IFBB

Judge's Table: Classically Trained

Cutting to the core of the Classic division, and how fierce is too fierce?

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Judge's Table: Classically Trained
Per Bernal

 QUESTION 

I WANT TO MOVE FROM THE OPEN BODYBUILDING CLASS TO THE CLASSIC PHYSIQUE DIVISION. ARE THERE ANY MAJOR JUDGING DIFFERENCES BETWEEN THE TWO DIVISIONS I SHOULD BE AWARE OF AS I PREPARE? ARE CERTAIN QUALITIES WEIGHED MORE HEAVILY IN CLASSIC? 

 ANSWER 

STEVE WEINBERGER: The parameters of the classic physique division limit the amount of muscle that an athlete can carry. Because the allowed body weight is limited according to height, the massive muscularity that can be achieved in the bodybuilding open class cannot be matched in classic.

This division is best suited to two groups of athletes:

Men’s physique competitors whose level of muscular development is becoming “too big” for that division. Athletes in this situation need to either cut back on their training or switch to classic physique. Before the classic physique division was introduced, athletes in this situation had a huge problem, as many physique competitors love to train and do not want to limit their training or potential.

Bodybuilding competitors who love to develop their bodies, pose, and compete onstage but do not wish to develop the massive muscularity required to achieve top levels in open bodybuilding.

The mandatory poses in classic physique do not include the front and rear lat spread, nor the side triceps pose. The most-muscular pose is not permitted in classic physique. Competitors are encouraged to present their bodies in poses that stress the symmetrical development and muscular lines of the body, rather than emphasizing mass.

Classic physique still is, however, a bodybuilding division, and athletes should aim to achieve the maximum balanced development attainable within the parameters of the height and weight restrictions. The athlete needs to present a highly defined physique with as much muscularity as possible. His posing needs to be smooth and well practiced, with emphasis on flow and artistic lines. Those are the areas to focus on.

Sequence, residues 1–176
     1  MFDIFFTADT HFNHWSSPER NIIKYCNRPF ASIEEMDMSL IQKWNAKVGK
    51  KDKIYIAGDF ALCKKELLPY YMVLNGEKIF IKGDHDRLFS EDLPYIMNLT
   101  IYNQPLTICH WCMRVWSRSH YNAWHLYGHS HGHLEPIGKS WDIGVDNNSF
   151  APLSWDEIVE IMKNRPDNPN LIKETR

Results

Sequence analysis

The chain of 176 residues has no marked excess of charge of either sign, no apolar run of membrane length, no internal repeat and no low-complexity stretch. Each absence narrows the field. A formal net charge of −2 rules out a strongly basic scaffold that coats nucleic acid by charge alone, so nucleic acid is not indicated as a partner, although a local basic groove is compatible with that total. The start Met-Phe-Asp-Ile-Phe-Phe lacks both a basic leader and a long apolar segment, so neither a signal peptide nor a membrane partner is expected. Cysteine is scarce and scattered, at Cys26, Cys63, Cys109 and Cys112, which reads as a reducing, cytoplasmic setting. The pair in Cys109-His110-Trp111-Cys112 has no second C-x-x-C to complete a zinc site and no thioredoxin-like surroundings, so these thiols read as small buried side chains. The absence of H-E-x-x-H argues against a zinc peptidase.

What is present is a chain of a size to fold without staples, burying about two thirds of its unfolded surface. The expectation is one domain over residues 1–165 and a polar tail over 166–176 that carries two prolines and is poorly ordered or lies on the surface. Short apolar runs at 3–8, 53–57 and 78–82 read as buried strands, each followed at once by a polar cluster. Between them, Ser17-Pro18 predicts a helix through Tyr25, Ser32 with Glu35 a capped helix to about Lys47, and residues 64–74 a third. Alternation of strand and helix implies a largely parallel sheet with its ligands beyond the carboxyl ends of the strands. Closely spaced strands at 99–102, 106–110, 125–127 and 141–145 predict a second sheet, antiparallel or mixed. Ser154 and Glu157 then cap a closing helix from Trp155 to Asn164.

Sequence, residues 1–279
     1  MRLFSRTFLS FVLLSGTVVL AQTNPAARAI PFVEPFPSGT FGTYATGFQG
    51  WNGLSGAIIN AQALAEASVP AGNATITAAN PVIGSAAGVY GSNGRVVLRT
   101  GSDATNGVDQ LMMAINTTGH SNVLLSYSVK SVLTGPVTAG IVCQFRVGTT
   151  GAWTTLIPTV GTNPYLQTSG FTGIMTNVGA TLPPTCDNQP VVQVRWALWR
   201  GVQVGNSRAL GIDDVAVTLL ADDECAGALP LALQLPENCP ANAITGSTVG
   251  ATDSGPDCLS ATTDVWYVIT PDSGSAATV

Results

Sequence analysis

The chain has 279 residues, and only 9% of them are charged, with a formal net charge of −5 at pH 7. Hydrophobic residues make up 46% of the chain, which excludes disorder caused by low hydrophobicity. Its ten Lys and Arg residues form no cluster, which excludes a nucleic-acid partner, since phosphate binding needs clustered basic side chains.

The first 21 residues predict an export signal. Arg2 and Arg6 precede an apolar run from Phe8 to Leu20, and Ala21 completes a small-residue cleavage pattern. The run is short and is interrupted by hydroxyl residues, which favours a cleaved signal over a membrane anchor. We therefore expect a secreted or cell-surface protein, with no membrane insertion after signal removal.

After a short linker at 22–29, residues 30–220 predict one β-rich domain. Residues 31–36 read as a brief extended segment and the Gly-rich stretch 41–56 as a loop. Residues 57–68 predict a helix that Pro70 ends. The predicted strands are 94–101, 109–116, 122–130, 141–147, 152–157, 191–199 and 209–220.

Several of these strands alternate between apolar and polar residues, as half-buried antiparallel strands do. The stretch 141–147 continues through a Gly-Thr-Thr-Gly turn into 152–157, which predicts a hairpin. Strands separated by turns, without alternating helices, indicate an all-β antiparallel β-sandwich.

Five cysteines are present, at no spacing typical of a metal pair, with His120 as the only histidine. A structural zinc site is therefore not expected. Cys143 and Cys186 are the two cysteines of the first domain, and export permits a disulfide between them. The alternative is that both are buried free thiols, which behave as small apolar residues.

QUESTION 

HOW MUCH STAGE “ATTITUDE” IS TOO MUCH? HOW WOULD YOU RECOMMEND LETTING YOUR PERSONALITY SHINE WITHOUT GOING OVERBOARD AND POSSIBLY COSTING YOU ON THE SCORE SHEET?

 ANSWER 

SANDY WILLIAMSON: Stage presentation is often what draws the judges’ eyes to an athlete, yet there isn’t a cookie-cutter answer here. Some athletes can get away with more “ air” than others. I think it depends on the athlete’s personality. It has to look natural. I tell athletes that they want to look comfortable and con dent onstage, so if you’re trying to emulate another athlete’s posing techniques, but you don’t feel comfortable, then it will look awkward onstage.

First and foremost, develop a style that works with your physique and you feel confident with. Additionally, always ask for judges’ feedback—if they tell you you’re too dramatic, tone it down for next time. There is definitely a trial-and-error process with presentation, especially when just starting on your competitive journey.  

Judges Sandy Williamson and Steve Weinberger

 FLEX 

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